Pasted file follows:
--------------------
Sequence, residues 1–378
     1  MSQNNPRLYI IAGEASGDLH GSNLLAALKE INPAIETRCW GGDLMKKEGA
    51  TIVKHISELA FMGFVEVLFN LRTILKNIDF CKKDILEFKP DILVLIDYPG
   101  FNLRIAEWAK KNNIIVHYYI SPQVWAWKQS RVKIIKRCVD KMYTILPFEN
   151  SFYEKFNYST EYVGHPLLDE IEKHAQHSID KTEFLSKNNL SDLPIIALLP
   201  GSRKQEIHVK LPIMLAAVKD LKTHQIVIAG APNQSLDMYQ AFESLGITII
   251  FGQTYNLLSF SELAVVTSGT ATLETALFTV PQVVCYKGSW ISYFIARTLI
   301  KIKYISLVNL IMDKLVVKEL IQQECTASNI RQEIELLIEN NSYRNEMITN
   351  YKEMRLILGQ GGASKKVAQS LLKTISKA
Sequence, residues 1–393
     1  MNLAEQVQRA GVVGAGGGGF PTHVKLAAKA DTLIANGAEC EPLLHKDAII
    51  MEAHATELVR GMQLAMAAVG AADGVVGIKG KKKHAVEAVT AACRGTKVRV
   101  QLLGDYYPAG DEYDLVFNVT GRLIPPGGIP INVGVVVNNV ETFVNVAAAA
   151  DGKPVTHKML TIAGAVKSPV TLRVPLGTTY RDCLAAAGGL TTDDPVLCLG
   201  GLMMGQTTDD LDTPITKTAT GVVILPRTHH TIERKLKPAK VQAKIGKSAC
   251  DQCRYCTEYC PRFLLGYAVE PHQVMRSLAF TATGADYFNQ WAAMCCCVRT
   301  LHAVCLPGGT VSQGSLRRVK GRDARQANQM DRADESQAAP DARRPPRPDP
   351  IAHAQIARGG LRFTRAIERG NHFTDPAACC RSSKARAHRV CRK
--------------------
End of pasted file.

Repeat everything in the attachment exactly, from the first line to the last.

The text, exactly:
Sequence, residues 1–378
     1  MSQNNPRLYI IAGEASGDLH GSNLLAALKE INPAIETRCW GGDLMKKEGA
    51  TIVKHISELA FMGFVEVLFN LRTILKNIDF CKKDILEFKP DILVLIDYPG
   101  FNLRIAEWAK KNNIIVHYYI SPQVWAWKQS RVKIIKRCVD KMYTILPFEN
   151  SFYEKFNYST EYVGHPLLDE IEKHAQHSID KTEFLSKNNL SDLPIIALLP
   201  GSRKQEIHVK LPIMLAAVKD LKTHQIVIAG APNQSLDMYQ AFESLGITII
   251  FGQTYNLLSF SELAVVTSGT ATLETALFTV PQVVCYKGSW ISYFIARTLI
   301  KIKYISLVNL IMDKLVVKEL IQQECTASNI RQEIELLIEN NSYRNEMITN
   351  YKEMRLILGQ GGASKKVAQS LLKTISKA
Sequence, residues 1–393
     1  MNLAEQVQRA GVVGAGGGGF PTHVKLAAKA DTLIANGAEC EPLLHKDAII
    51  MEAHATELVR GMQLAMAAVG AADGVVGIKG KKKHAVEAVT AACRGTKVRV
   101  QLLGDYYPAG DEYDLVFNVT GRLIPPGGIP INVGVVVNNV ETFVNVAAAA
   151  DGKPVTHKML TIAGAVKSPV TLRVPLGTTY RDCLAAAGGL TTDDPVLCLG
   201  GLMMGQTTDD LDTPITKTAT GVVILPRTHH TIERKLKPAK VQAKIGKSAC
   251  DQCRYCTEYC PRFLLGYAVE PHQVMRSLAF TATGADYFNQ WAAMCCCVRT
   301  LHAVCLPGGT VSQGSLRRVK GRDARQANQM DRADESQAAP DARRPPRPDP
   351  IAHAQIARGG LRFTRAIERG NHFTDPAACC RSSKARAHRV CRK